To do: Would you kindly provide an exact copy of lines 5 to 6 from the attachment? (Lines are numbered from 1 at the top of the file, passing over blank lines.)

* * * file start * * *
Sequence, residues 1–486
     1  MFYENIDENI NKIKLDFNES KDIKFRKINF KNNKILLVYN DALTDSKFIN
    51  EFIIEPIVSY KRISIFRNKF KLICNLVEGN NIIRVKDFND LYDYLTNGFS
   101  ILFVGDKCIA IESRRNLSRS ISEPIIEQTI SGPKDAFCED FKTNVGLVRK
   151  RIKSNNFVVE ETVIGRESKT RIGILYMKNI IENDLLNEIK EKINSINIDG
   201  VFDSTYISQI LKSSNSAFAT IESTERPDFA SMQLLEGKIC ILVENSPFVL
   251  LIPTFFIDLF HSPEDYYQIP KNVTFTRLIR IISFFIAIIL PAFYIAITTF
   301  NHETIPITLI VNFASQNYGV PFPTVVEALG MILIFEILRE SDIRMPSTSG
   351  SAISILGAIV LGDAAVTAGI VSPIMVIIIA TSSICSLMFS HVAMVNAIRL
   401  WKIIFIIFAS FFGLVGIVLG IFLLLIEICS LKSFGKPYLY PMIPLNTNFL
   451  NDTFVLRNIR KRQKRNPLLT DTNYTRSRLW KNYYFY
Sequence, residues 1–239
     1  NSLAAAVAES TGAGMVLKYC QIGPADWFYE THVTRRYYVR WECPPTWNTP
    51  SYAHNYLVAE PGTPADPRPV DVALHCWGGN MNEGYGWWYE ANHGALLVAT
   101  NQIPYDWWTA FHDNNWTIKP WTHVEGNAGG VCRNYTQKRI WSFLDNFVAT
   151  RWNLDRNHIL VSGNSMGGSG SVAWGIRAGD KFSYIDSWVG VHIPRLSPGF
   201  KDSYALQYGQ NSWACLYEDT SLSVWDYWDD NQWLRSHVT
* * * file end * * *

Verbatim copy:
   151  RIKSNNFVVE ETVIGRESKT RIGILYMKNI IENDLLNEIK EKINSINIDG
   201  VFDSTYISQI LKSSNSAFAT IESTERPDFA SMQLLEGKIC ILVENSPFVL